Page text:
French utility EDF said on 18 September that the discovery of problems with weldings at some of its nuclear reactors would not lead to any closures.
“At this stage of the technical investigations being carried out on these components, EDF believes that the observed deviations do not adversely affect the components’ fitness for service and do not require immediate action,” EDF said in a statement.
Problems had been identified with 16 steam generators installed on six operating reactor units: Blayais 3&4, Bugey 3, Fessenheim 3, Dampierre-en-Burly 4 at Dampierre-en-Burly and Paluel 2. The generators were affected by non-compliance in a stress-relieving heat-treatment process but are deemed safe to continue in operation, EDF said. Earlier in September, EDF had informed the French Nuclear Safety (ASN), of its initial investigations concerning deviations in certain nuclear-related components produced at Framatome's Saint-Marcel site. Investigations at Saint-Marcel are ongoing.
EDF confirmed the non-compliance concerned an excursion from temperature ranges in certain areas during manufacturing operations, specifically involving detensioning heat treatment on some steam generator welds and pressuriser seals.
In a separate statement, Framatome said the investigations "confirm at this stage that the mechanical integrity of the components is not called into question”. The stress-relieving heat treatment process is not being used while the investigations are being completed, but other activities at Saint-Marcel are continuing, Framatome has said. Framatome is owned by EDF (75.5%), Mitsubishi Heavy Industries (19.5%) and Assystem (5%).
Affected components not yet in service include four steam generators and the pressuriser that have been installed at the EPR under construction at Flamanville 3. Three replacement steam generators have been delivered to Gravelines NPP units 5 and 6, but are not yet installed. EDF and Framatome said they are continuing their technical investigations "with extreme diligence" and will keep ASN informed.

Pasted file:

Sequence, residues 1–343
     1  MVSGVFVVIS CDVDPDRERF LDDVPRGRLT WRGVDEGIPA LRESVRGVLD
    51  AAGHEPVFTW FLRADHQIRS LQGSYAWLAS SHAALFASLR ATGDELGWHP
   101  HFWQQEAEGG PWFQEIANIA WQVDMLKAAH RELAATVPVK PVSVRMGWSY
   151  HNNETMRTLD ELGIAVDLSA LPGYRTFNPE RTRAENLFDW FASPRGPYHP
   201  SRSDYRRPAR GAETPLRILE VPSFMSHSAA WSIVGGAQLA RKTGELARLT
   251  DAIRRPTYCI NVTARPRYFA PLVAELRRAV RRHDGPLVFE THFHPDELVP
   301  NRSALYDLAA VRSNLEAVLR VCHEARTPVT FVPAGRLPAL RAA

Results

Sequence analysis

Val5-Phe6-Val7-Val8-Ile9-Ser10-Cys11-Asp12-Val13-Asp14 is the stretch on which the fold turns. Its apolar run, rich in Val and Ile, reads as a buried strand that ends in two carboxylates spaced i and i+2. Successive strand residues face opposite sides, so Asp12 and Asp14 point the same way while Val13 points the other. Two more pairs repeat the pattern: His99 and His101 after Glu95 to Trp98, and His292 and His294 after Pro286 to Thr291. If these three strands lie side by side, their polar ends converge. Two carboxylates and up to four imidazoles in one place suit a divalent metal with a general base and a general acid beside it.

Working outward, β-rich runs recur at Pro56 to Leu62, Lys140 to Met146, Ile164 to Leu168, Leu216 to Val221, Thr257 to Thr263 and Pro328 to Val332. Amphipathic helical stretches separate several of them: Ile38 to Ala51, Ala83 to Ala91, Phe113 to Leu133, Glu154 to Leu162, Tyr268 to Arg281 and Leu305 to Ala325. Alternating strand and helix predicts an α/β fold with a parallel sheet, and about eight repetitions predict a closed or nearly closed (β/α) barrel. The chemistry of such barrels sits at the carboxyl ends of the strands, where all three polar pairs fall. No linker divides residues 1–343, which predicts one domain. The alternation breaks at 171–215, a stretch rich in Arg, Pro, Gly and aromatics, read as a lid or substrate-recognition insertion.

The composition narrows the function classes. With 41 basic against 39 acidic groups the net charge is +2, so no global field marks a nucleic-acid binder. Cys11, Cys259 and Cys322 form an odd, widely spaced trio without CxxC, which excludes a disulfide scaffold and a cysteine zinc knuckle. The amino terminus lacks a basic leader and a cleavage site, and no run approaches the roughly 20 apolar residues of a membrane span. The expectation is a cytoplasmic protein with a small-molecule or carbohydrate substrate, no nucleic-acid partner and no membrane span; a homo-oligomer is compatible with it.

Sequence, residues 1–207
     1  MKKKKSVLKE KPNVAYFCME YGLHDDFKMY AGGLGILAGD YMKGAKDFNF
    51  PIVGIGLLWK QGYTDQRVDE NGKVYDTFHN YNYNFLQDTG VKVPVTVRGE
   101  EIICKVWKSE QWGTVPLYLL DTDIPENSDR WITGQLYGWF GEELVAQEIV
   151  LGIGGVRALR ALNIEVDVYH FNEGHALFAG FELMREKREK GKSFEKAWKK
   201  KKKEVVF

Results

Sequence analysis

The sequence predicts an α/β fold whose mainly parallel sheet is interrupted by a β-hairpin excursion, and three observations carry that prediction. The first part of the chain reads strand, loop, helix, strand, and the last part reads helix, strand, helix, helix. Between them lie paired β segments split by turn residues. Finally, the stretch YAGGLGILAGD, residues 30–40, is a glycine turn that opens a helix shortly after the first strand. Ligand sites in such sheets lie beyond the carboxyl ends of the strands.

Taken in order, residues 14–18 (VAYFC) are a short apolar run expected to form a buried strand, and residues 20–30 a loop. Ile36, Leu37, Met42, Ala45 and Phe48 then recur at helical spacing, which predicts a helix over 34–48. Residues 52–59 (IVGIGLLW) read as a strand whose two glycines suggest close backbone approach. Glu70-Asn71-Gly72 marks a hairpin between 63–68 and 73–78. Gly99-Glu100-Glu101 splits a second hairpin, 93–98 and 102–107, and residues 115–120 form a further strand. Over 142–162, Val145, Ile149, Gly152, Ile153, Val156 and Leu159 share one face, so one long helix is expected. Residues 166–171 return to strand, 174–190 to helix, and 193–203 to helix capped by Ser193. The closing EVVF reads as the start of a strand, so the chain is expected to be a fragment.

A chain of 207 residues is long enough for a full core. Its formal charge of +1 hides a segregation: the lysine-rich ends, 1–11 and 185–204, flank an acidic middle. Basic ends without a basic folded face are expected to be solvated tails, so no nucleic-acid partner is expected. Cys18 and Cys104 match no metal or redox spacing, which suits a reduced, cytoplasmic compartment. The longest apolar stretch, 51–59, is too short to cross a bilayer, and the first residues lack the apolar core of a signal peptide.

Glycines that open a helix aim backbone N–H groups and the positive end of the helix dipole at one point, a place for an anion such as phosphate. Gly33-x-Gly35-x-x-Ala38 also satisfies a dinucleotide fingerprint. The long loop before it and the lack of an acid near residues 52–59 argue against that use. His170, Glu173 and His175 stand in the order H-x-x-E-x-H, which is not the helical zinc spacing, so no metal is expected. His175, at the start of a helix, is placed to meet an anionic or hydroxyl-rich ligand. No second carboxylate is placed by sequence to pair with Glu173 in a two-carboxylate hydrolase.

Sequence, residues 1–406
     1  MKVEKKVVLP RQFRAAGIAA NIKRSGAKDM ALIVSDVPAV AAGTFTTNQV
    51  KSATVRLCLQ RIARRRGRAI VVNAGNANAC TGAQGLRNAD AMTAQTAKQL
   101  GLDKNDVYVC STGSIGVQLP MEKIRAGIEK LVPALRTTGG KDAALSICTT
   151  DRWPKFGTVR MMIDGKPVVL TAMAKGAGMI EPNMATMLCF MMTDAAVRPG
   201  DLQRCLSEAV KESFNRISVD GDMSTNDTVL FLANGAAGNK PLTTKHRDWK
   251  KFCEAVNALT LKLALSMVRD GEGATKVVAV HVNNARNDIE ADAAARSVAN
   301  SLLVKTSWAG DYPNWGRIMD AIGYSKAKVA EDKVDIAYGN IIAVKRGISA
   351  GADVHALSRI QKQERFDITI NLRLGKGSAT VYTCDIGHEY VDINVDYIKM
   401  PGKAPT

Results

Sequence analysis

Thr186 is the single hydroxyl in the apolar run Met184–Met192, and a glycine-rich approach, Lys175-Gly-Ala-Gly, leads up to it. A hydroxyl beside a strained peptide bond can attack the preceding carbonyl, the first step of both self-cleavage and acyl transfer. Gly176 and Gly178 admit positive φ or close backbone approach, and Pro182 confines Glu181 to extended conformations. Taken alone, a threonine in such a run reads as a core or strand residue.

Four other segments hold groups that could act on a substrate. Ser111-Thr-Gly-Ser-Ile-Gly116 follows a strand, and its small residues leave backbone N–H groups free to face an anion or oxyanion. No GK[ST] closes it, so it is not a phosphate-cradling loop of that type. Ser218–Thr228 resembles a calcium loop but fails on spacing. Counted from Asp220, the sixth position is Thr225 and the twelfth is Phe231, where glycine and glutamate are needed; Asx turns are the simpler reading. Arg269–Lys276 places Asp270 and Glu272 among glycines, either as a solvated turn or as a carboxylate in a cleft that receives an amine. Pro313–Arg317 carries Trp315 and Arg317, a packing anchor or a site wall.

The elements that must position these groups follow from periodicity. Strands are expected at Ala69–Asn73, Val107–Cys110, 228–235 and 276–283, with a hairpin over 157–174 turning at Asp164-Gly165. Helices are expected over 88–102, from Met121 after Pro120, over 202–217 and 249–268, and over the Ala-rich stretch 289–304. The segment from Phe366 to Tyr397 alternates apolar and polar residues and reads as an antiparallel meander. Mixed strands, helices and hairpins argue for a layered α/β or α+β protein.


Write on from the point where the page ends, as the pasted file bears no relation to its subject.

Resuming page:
The Saint-Marcel site, in Saône-et-Loire, assembles the heavy equipment for nuclear reactors, including vessels, steam generators and pressurisers. Since it was established in 1975, the plant has supplied components for 106 nuclear reactors worldwide, according to Framatome. Following its statement, EDF’s shares rose more than 3%, recovering to some extent from the 7.1% fall, which followed discovery of the component faults.
Meanwhile, France announced on 17 September that it would give out free iodine tablets to 2.2 million people living near to nuclear power plants to help protect them from radiation in case of an accident. ASN said people living within 10-20km of a nuclear power plant, as well as some 200,000 institutions, would receive a letter informing them they can pick up the tablets from the nearest pharmacy. Previously, iodine tablets were distributed to those living within a 10km radius of a plant.